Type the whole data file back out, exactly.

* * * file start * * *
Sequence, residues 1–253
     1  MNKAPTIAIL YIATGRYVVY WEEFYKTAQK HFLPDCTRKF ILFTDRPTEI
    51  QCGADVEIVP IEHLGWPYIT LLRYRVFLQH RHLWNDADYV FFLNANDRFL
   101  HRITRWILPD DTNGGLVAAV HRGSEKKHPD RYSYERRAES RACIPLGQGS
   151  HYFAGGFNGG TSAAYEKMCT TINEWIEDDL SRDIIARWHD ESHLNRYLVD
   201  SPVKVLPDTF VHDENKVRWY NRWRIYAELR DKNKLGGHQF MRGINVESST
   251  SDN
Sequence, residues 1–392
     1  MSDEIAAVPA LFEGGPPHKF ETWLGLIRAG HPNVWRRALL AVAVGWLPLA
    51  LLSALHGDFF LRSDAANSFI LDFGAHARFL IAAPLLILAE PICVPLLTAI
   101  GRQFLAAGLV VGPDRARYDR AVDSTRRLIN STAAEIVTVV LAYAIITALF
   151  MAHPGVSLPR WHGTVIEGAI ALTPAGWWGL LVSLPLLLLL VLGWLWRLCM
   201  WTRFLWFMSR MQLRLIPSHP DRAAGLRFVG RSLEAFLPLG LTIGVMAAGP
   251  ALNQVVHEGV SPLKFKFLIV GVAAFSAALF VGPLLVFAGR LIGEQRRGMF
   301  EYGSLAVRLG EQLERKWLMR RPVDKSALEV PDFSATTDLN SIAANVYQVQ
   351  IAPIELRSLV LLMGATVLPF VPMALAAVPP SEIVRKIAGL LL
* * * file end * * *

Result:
Sequence, residues 1–253
     1  MNKAPTIAIL YIATGRYVVY WEEFYKTAQK HFLPDCTRKF ILFTDRPTEI
    51  QCGADVEIVP IEHLGWPYIT LLRYRVFLQH RHLWNDADYV FFLNANDRFL
   101  HRITRWILPD DTNGGLVAAV HRGSEKKHPD RYSYERRAES RACIPLGQGS
   151  HYFAGGFNGG TSAAYEKMCT TINEWIEDDL SRDIIARWHD ESHLNRYLVD
   201  SPVKVLPDTF VHDENKVRWY NRWRIYAELR DKNKLGGHQF MRGINVESST
   251  SDN
Sequence, residues 1–392
     1  MSDEIAAVPA LFEGGPPHKF ETWLGLIRAG HPNVWRRALL AVAVGWLPLA
    51  LLSALHGDFF LRSDAANSFI LDFGAHARFL IAAPLLILAE PICVPLLTAI
   101  GRQFLAAGLV VGPDRARYDR AVDSTRRLIN STAAEIVTVV LAYAIITALF
   151  MAHPGVSLPR WHGTVIEGAI ALTPAGWWGL LVSLPLLLLL VLGWLWRLCM
   201  WTRFLWFMSR MQLRLIPSHP DRAAGLRFVG RSLEAFLPLG LTIGVMAAGP
   251  ALNQVVHEGV SPLKFKFLIV GVAAFSAALF VGPLLVFAGR LIGEQRRGMF
   301  EYGSLAVRLG EQLERKWLMR RPVDKSALEV PDFSATTDLN SIAANVYQVQ
   351  IAPIELRSLV LLMGATVLPF VPMALAAVPP SEIVRKIAGL LL